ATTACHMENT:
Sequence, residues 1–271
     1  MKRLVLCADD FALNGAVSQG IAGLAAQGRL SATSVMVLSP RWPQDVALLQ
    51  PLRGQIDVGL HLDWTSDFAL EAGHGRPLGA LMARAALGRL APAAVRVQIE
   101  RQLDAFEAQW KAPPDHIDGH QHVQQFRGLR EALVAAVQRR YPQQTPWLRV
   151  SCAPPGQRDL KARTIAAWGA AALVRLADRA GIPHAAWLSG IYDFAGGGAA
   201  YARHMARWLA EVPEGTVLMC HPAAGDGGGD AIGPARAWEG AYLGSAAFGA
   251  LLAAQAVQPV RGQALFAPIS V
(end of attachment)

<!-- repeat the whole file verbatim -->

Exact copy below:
Sequence, residues 1–271
     1  MKRLVLCADD FALNGAVSQG IAGLAAQGRL SATSVMVLSP RWPQDVALLQ
    51  PLRGQIDVGL HLDWTSDFAL EAGHGRPLGA LMARAALGRL APAAVRVQIE
   101  RQLDAFEAQW KAPPDHIDGH QHVQQFRGLR EALVAAVQRR YPQQTPWLRV
   151  SCAPPGQRDL KARTIAAWGA AALVRLADRA GIPHAAWLSG IYDFAGGGAA
   201  YARHMARWLA EVPEGTVLMC HPAAGDGGGD AIGPARAWEG AYLGSAAFGA
   251  LLAAQAVQPV RGQALFAPIS V